Kyiv aims to use more Ukrainian drones; Trump, Biden clash on NATO

Ukraine’s new military command wants to use the armed forces more efficiently and build up defence industries.

People stand around a crater crated by a Russian missile strike, amid Russia’s attack on Ukraine, in the village of Buda-Babynetska, outside Bucha, near Kyiv, Ukraine February 15, 2024. REUTERS/Thomas Peter
Ukrainians stand around a crater after a Russian missile attack in the village of Buda-Babynetska, outside Bucha [Thomas Peter/Reuters]

Ukraine changed its military leadership and announced a change of tactics in the past week, as a vote in the US Senate brought renewed hope of US aid for the embattled country.

Ukrainian President Volodymyr Zelenskyy appointed ground forces commander Oleksandr Syrskii as commander-in-chief of the armed forces on February 8. Zelenskyy reportedly asked the outgoing Valery Zaluzhny to “continue to be part of the team”, without specifying what that meant.

“We stood against a vile and powerful enemy. Endured together,” wrote Zaluzhny, an immensely popular general who stopped Russia’s invasion in February 2022 and ordered a counterattack in August that year, which claimed more than 1,500sq km (580sq miles)

Since then, Ukrainian forces have become bogged down in positional warfare. A counteroffensive last summer failed to achieve its goal of cutting the Russian front in two.

“The tasks of 2022 are different from the tasks of 2024,” Zaluzhny wrote.

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In his first meeting with Rustem Umyerov, the defence minister, the following day Syrskii said drones and electronic warfare would play a greater role – something Zaluzhny had also said shortly before his dismissal.

Ukraine has set a goal of building a million small drones – essentially flying bombs – this year.

Prime Minister Denys Shmyal said the government’s primary goal was to develop high-tech defence industries during a budget meeting on Tuesday, with $1bn going to drones alone.

“We are talking about the developments of the Defence Tech cluster, scaling up the production of drones of various categories, electronic warfare,” Shmyal said.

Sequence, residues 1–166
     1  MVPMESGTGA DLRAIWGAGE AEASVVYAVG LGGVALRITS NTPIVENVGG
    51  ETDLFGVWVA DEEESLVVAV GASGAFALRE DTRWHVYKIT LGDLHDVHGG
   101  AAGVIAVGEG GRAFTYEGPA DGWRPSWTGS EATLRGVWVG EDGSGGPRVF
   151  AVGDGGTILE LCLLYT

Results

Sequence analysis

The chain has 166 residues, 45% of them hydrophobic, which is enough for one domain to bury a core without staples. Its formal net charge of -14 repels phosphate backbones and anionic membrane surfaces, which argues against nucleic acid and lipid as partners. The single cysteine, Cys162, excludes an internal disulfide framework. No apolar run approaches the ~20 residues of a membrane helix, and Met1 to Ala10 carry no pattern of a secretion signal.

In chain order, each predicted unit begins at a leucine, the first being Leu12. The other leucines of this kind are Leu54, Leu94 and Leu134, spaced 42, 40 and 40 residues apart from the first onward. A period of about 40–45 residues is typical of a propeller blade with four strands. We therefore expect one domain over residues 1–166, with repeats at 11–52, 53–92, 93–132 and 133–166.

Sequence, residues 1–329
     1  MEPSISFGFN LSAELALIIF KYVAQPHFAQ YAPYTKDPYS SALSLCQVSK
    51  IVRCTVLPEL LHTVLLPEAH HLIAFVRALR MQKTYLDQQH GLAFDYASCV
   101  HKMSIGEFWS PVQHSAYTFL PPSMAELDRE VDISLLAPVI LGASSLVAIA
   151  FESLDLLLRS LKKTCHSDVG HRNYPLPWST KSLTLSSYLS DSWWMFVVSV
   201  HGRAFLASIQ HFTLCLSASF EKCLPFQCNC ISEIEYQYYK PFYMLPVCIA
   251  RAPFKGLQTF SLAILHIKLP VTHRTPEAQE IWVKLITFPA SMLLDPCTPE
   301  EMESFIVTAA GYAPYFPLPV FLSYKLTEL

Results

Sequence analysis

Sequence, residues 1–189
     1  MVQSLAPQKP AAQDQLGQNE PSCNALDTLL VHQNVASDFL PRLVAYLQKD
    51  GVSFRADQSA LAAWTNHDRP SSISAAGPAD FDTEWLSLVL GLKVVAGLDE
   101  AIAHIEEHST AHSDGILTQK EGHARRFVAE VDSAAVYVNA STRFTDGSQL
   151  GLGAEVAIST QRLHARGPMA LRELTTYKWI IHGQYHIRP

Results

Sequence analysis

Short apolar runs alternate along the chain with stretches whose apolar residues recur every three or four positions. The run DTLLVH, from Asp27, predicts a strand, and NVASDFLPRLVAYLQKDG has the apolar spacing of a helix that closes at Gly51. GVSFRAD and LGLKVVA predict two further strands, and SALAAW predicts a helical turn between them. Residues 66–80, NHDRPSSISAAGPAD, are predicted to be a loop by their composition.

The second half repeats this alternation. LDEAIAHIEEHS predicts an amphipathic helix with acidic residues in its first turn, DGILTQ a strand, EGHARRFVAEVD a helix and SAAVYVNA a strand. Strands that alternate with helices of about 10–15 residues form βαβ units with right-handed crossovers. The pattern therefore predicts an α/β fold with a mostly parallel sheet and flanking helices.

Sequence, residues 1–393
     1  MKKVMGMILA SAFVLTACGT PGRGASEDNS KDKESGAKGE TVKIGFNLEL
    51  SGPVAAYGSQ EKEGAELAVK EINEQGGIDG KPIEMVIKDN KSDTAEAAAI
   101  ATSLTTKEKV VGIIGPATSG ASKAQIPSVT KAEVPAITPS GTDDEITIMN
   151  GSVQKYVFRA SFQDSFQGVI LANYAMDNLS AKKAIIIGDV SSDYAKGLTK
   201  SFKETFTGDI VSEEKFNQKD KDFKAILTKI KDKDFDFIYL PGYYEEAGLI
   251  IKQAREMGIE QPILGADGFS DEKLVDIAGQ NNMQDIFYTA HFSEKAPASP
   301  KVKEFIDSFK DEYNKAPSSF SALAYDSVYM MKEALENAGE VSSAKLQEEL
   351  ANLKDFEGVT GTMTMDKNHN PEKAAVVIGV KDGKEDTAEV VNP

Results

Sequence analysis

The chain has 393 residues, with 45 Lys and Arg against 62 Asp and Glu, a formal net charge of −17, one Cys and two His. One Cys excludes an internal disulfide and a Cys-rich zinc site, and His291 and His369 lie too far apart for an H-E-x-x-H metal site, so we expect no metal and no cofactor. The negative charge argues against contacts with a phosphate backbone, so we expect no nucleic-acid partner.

Mykhailo Fedorov, minister for digital transformation, told Reuters the number and range of Ukraine’s domestically built drones were dramatically increasing.

“In December alone, drone deliveries were 50 times higher than in the entire 2022,” he said.

Ukraine’s defence ministry launched a web form for Ukrainians to become involved in a community of innovators to “help solve the most difficult challenges at the front”, and is seeking to build a 10:1 technological advantage over Russia.

This strategy has been showing results.

Two long-range drones struck Russian oil refineries in Ilsky and Afipsky in Krasnodar Krai on Friday. Geolocated footage showed smoke rising from the refineries.

Ukrainian naval drones sank the Russian Landing ship Caesar Kunikov off the southern tip of the Crimean Peninsula on Wednesday. Ukrainian military intelligence’s Group 13 used Magura-V surface drones in the attack.

It was the fifth Russian landing ship in the Black Sea Ukraine sank or disabled. Nocturnal video shot by the drones showed the Caesar Kunikov being struck and capsizing to port.

A week earlier, Ukraine’s military intelligence used six Magura drones to sink the Ivanovets, a missile corvette.

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Bringing greater efficiency to logistics, to keep front lines better supplied, and restoring Ukraine’s units with rest, new troops and training, was also a priority, Syrskii said.

Ukraine has almost a million troops under arms.